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Early Achromatic Microscopes by Charles Louis Chevalier, 1804-1859

A complete and exhaustive historical overview of the Chevalier dynasty and the microscopes they produced appears on Brian Stevenson's website. Louis Vincent Chevalier was the pioneer of the achromatic microscope. Starting with the first “Selligue”-type microscope released around 1824, Chevalier developed a series of achromatic microscopes two of which are represented in this collection. In his review before the Royal Society in 1830, Joseph Jackson Lister noted that Chevalier of Paris having manufactured some of these instruments, appears to have observed the great error in the position of Selligue's glasses; he retained their construction, but turned their plane sides foremost; and making them of shorter focal length and more correctly achromatic, produced in 1825 a microscope far superior to the former. His deepest glasses are not more than 0.4 inches in focal length, and two of these were united in his earlier instruments for his highest power; but this was the only combination retained in them, and all his glasses were restricted to apertures too small to show difficult test objects. However, during the 1930s the Chevalier family had already produced highly advanced microscopes that gradually contributed to improvements made to the structure and focusing techniques resulting from the increase in resolution and magnification of the instruments.

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Seligue - Chevalier early achromatic experimental microscope, ~1820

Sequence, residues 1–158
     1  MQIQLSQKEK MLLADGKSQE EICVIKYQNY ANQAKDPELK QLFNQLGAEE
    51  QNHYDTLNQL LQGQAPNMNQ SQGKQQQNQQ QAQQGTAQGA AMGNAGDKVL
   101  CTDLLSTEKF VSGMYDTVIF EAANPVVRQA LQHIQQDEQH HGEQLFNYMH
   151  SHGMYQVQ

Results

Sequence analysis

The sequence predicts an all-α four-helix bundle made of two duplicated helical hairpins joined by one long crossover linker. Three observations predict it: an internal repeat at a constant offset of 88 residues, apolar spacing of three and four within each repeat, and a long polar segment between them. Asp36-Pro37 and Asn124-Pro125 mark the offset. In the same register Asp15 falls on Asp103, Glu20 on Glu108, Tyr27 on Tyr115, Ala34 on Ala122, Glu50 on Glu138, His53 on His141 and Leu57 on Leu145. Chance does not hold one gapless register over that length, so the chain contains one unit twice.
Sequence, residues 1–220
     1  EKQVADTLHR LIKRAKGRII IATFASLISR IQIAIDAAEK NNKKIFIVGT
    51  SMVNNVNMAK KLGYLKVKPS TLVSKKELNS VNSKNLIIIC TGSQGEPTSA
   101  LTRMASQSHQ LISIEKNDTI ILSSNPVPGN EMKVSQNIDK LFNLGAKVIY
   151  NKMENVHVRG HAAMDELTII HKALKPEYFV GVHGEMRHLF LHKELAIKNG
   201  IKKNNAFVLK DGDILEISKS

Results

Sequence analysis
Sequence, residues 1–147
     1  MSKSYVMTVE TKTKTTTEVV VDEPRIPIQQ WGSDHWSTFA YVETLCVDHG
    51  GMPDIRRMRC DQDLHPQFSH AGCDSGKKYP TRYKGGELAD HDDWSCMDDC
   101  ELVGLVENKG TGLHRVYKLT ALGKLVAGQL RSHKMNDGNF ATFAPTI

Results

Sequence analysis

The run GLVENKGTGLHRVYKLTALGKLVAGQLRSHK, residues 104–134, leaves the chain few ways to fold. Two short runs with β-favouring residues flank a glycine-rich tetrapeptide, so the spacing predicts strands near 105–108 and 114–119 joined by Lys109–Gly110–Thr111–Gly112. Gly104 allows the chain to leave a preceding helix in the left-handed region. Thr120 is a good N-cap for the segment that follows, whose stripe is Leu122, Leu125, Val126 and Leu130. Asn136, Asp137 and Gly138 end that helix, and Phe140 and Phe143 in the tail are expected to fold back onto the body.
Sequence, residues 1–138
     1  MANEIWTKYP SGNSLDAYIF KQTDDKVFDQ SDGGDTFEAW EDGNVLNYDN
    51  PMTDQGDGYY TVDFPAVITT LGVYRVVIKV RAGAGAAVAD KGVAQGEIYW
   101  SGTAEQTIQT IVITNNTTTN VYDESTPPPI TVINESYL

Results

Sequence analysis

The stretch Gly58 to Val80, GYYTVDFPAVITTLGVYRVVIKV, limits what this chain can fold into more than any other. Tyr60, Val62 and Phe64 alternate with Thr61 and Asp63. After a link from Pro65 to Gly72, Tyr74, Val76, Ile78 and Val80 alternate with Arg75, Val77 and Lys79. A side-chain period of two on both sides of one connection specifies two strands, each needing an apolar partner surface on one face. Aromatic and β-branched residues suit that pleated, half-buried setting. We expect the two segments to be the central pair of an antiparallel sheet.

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This is an enigmatic and thus far unparalleled microscope. It features many 18th century characteristics, yet the optics point at a very early 19th century date.

This microscope is undoubtedly inspired by the English Nairne type Chest Microscope, a term referring to a Cuff-style compound microscope mounted to a mahogany box, or "chest". This form was introduced ca. 1760 by Thomas Nairne (worked: 1748-93) and became a staple instrument throughout Nairne's solo career and well into his partnership with Thomas Blunt (1774-93), his former apprentice.. It was quickly copied by most of the leading microscope makers both within Britain and in continental Europe. However, the form seen here, still showing many 18th century characteristics, depicts many improvements and it is by far more sophisticated than Nairne's original design. Also in terms of optical quality it suppresses Nairne's microscope and some other pre-achromatic models (i.e., the Culpeper type).